quote: 1. The iPad eats the consumer PC market.
I just bought a brand new windows 8 PC.
This is happening right now. In the third quarter of 2012, PC sales were down 8 percent on a year-over-year basis worldwide. In the U.S., sales were down 14 percent. A big chunk of the decline can be attributed to the rise of the iPad. Apple sold 14 million iPads last quarter, which is more than the top PC maker, Lenovo, which shipped 13.7 million PCs. Throw in Apple's 4.9 million Macs, and it's the top computer maker by a mile.
quote: 6. Office loses relevance.
I also don't see many companies leaving Microsoft behind due to the strength of their server software.
Microsoft's Office has been a juggernaut. In fiscal 2012, the Microsoft business division did ~$24 billion in sales.
Last year, we cautioned, "Office runs only on Microsoft platforms and the Mac. As employees start to do more and more work from non-Windows smartphones and iPads, companies may start to question why they're still buying Office for every employee and upgrading it every two or three releases."
The death of Office, has not happened, though. Despite Google's attempt to create Docs, companies aren't giving up on Excel. 7. Microsoft's other business applications start to erode.
If Windows continues to fade, and if Office starts to fade, then corporations have less reason to adopt Microsoft technologies on the back end like Exchange Server for email, SharePoint Server for collaboration, Lync for videoconferencing and real-time communication, and Dynamics for CRM and accounting.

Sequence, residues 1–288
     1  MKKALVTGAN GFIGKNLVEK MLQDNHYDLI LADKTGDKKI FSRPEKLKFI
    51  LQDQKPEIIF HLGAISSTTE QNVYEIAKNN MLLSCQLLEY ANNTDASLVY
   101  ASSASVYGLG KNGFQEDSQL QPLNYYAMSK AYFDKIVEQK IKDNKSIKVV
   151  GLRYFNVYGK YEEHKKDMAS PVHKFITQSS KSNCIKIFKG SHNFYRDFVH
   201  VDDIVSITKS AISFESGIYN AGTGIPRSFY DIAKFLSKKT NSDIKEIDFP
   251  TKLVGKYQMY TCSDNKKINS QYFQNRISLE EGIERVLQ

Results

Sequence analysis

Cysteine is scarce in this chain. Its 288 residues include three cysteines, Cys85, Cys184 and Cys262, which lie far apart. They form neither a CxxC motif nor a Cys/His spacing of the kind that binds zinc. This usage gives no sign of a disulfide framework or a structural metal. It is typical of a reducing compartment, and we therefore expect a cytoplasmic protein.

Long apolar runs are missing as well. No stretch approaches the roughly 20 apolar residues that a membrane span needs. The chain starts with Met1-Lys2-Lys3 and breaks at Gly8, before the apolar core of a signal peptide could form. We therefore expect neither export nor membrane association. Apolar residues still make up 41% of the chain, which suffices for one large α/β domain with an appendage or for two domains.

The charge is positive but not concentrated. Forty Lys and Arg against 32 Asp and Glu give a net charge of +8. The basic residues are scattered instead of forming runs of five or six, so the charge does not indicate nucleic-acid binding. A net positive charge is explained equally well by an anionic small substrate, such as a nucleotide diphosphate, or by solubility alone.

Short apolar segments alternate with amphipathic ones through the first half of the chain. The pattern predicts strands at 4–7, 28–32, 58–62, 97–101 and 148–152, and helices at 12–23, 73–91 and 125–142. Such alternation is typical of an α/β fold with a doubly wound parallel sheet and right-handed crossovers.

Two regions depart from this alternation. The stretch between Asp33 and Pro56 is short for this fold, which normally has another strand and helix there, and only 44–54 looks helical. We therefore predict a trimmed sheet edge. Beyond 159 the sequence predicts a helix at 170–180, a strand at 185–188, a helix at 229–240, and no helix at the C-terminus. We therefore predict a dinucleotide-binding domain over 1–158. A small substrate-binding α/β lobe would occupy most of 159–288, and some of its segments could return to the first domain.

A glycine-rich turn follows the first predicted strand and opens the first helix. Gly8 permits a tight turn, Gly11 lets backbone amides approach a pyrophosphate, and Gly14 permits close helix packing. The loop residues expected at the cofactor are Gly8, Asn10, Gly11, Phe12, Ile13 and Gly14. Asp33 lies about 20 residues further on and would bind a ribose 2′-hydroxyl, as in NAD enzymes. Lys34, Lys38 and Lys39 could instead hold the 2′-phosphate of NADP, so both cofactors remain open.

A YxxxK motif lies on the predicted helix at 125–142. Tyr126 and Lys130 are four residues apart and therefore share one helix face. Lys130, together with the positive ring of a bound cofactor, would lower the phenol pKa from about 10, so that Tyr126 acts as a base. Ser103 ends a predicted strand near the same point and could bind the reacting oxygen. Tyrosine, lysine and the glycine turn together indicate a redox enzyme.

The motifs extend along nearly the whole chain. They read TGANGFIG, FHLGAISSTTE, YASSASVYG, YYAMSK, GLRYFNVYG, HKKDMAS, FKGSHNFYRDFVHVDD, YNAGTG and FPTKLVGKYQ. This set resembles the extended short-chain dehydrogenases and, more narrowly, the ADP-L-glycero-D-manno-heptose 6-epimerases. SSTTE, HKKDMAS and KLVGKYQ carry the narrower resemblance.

Exchange, SharePoint, and Dynamics all bring in more than $1 billion per year, and Lync is Microsoft's fastest growing business application. Plus, they pull through a lot of other Microsoft products. ... 8. The platform business collapses.
For the last decade, Microsoft's fastest growing business segment has been Server & Tools, which did $7.4 billion in sales last year.
A lot of these sales come because Microsoft business apps — Exchange, SharePoint, and Dynamics — require these products. But as companies stop buying these apps, they will have less reason to buy the Microsoft platform products that run them, and the System Center ($1 billion+) products used to manage them.